When a problem comes along, you must whip itby Jill D'Urso • 10.05.2009
I saw Whip It, Drew Barrymore’s directorial debut, this weekend. Surprisingly, I was not disappointed–I pretty much got what I was expecting, which was an all-out fun celebration of tattoos, sass, girls beating the crap out of other ladies, and general hipster disillusionment set to an enjoyable soundtrack. Yes, it was predictable. Yes, some of the dialogue was completely twee. But can you really go wrong with a movie that centers on a roller derby team called the Hurl Scouts, whose members feature names like Smashley Simpson, Bloody Holly, and Rosa Sparks? No, no you cannot.
Bliss Cavander (Ellen Page) is a timid teenager stuck in backwater Bodean, Texas, forced to compete in beauty pagaents to please her mother, played with empathy and warmth by the lovely Marcia Gay Harden. When Bliss takes a shopping trip to Austin, she gets her first glimpse of roller derby, and goes to try out for the team on a whim. What follows is pretty much your standard underdog team sports movie montage of wacky hijinks–the Hurl Scouts are the worst team in the league, but the women are fun and they lose with panache (chanting “We’re #2!!” after losing yet another derby match). Inevitably, the scrappy novice Bliss is a flash on skates, and soon, the team is coming from behind to claim victory. Though the movie’s trajectory here smacks of The Mighty Ducks in fishnets and eyeliner (the team even has two deaf players, The Manson Sisters, who are ringers for the Ducks’ infamous Bash Brothers), there are some pleasant surprises: Alia Shawkat (Maebe Funke from the brilliant Arrested Development) crackles as Bliss’s best friend and fellow Squaler-slinger, Pash; and though Marcia Gay Harden’s character walks a dangerous line toward being a typical Texas pageant mother stereotype, the movie dials it back, never making a caricature of her. In fact, the mother-daughter relationship was one of my favorite parts of the movie, and I think it was portrayed realistically without getting too schmaltzy.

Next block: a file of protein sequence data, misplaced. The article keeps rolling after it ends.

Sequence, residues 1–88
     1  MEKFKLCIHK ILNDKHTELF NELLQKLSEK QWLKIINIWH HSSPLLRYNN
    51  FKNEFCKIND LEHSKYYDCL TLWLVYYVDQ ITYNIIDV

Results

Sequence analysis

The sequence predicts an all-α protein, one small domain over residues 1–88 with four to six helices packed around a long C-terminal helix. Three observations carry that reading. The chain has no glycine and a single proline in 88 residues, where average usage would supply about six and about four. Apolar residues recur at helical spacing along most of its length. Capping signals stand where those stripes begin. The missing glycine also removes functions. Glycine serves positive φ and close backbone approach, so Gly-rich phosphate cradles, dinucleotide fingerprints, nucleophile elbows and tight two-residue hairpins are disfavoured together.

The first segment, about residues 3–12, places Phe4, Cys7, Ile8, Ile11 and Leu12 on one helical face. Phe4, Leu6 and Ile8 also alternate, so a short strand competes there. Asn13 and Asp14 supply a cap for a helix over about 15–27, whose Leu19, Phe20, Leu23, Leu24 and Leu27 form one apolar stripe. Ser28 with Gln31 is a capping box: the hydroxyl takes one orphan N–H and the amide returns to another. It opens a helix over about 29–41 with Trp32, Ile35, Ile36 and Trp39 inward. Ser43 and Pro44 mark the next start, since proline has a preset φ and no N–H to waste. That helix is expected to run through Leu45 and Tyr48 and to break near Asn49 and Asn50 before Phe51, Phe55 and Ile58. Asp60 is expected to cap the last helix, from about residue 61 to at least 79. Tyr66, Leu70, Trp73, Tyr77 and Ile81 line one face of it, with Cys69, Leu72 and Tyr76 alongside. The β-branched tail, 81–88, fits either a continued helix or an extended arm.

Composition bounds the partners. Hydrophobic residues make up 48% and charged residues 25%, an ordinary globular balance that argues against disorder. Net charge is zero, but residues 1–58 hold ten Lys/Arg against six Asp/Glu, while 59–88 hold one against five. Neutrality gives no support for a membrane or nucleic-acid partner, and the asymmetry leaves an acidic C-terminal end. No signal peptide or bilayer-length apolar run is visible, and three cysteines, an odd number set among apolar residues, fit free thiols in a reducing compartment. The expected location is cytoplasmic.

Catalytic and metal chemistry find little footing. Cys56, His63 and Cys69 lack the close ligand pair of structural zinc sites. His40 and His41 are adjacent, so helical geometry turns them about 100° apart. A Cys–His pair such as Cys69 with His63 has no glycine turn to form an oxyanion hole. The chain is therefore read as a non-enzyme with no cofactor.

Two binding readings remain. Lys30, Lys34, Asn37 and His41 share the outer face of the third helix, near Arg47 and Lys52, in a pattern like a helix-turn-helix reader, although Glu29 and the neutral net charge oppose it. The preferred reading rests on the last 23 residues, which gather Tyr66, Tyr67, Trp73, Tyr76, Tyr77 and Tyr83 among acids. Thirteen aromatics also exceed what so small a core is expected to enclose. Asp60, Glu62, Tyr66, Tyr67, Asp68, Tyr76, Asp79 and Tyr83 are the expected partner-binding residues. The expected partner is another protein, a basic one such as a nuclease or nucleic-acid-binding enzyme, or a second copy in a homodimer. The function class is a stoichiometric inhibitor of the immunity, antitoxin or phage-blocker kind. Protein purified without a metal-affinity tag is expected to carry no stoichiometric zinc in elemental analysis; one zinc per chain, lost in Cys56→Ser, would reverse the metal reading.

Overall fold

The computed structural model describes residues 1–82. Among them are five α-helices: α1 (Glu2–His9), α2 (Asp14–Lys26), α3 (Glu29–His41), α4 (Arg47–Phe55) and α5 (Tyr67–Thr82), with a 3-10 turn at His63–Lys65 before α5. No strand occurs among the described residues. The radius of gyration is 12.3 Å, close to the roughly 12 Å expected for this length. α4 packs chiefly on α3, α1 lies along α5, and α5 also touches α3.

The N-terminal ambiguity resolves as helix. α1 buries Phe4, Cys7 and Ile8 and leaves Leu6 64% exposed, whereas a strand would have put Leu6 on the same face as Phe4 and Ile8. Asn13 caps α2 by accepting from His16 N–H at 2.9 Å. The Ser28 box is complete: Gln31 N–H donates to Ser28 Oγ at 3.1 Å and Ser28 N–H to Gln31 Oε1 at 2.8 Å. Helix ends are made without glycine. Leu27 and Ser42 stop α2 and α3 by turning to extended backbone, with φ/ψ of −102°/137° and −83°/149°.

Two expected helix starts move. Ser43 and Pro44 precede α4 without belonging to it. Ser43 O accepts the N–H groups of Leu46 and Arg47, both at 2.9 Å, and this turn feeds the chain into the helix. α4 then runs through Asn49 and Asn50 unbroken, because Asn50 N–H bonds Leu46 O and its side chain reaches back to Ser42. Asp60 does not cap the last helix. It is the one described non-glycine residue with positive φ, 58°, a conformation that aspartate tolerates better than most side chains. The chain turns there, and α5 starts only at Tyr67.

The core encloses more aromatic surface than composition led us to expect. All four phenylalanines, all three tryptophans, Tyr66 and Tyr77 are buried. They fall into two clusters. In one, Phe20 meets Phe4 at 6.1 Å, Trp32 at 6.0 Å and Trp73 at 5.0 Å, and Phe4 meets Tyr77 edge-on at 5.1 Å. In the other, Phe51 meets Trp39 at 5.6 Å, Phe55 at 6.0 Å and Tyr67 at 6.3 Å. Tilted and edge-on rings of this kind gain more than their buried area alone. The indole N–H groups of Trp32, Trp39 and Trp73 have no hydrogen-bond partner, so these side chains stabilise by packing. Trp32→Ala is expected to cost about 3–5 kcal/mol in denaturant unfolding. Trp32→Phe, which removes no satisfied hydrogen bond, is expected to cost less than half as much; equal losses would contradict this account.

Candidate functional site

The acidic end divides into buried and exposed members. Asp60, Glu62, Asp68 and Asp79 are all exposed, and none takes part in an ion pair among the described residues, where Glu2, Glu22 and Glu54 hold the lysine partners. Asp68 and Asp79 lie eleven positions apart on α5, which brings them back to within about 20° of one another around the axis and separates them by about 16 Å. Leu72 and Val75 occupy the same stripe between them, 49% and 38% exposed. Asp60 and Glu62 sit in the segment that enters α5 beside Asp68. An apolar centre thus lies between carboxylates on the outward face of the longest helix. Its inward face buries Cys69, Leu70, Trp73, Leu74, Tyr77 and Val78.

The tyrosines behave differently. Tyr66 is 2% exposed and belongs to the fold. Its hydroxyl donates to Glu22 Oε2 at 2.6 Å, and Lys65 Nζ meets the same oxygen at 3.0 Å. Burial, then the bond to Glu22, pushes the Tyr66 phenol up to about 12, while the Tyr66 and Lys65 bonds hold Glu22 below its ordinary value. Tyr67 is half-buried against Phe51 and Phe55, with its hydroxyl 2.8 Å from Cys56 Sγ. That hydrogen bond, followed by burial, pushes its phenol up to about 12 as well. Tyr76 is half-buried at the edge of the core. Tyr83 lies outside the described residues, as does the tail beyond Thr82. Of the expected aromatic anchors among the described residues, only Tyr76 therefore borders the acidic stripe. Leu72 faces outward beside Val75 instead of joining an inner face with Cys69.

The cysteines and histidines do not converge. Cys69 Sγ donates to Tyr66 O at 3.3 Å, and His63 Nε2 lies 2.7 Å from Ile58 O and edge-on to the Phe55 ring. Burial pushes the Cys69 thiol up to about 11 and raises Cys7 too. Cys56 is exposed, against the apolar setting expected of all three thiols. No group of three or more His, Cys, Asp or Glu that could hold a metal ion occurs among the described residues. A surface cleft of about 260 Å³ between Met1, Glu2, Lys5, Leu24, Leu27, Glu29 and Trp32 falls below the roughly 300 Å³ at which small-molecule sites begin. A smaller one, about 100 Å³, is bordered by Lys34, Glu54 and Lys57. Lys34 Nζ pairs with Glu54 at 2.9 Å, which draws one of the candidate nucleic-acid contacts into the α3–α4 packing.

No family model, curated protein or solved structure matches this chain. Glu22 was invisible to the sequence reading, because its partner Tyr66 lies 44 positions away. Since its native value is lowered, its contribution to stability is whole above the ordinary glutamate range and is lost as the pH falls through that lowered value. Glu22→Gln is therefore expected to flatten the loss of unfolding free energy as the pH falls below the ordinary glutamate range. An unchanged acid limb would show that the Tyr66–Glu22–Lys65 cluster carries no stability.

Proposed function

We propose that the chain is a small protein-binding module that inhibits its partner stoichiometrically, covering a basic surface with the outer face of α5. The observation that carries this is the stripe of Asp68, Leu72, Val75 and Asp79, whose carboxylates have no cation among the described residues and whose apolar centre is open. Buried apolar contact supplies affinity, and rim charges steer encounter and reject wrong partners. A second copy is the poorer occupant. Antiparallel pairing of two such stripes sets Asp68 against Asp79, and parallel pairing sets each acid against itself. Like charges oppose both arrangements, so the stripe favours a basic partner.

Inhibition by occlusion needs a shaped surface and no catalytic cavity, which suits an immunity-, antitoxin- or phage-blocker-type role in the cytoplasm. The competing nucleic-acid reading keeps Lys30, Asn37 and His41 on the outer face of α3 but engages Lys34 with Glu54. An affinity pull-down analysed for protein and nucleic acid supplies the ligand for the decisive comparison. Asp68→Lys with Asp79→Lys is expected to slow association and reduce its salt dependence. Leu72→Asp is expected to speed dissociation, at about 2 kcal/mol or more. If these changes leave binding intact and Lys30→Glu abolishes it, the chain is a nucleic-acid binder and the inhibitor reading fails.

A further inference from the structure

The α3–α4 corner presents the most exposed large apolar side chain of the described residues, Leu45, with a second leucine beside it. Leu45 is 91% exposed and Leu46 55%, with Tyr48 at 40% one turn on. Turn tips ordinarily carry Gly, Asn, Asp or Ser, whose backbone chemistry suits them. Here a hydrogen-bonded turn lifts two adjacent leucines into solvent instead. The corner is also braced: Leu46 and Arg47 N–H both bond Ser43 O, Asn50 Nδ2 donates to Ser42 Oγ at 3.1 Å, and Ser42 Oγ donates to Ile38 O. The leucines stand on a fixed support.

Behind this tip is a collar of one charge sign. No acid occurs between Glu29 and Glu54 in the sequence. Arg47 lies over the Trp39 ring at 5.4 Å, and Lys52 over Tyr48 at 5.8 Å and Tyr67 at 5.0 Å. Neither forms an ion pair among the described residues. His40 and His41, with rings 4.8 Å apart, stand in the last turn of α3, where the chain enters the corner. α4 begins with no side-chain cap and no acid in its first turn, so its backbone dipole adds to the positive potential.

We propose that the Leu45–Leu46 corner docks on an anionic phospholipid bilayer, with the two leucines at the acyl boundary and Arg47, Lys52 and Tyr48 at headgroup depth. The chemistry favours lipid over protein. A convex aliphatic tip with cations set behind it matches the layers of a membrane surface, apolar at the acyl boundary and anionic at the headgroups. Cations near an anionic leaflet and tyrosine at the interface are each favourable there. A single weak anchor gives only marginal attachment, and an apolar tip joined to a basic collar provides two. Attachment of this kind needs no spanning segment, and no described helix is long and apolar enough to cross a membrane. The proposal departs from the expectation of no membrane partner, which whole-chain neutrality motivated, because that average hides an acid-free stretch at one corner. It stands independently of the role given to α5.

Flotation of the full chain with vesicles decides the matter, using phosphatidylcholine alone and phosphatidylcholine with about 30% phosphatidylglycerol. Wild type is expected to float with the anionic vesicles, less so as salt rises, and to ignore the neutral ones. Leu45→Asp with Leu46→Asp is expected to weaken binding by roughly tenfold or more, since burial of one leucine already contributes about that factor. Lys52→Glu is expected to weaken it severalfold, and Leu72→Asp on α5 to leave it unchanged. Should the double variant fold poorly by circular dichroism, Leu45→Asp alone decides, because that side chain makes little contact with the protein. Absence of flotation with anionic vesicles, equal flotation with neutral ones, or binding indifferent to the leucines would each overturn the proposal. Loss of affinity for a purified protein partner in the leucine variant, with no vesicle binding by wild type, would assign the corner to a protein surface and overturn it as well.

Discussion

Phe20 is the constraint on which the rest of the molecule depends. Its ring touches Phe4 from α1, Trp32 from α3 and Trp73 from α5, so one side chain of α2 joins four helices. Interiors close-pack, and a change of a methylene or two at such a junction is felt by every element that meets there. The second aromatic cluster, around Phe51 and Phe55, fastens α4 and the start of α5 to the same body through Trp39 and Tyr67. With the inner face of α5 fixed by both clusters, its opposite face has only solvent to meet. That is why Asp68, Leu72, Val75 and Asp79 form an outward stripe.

One of my major issues with the movie was the requisite romance element. Bliss falls for the “dreamy” Oliver, who in turn falls for her after they share a deep moment over a record (isn’t that how all good hipster romances start?). Obvi, love ensues, complete with games of Marco Polo in a cornfield, sharing pickles/making out at the movies, and having sex underwater to a Jens Lekman song. Swoon! Ok, number 1, he’s not cute at all. Number 2, why can’t relationships be more clearly developed than “oh hey that chick is checking me out and she’s cute so of course I am going to stalk-I mean, go to her place of work in a tiny town that no one ever goes to just so I can hang out with her” in movies? Is that too much to ask? However, I liked how the whole relationship scenario ended up, so the movie gets points for that.
In the end, the movie isn’t completely cliche, and it’s fun to watch, regardless of the pitfalls. It’s even mildly empowering for the ladies, which is always nice to see. So grab your best girl friends and treat yourself to a movie that won’t make you hate your life–I’m glad I did!
*cross-posted to Boston Bookbean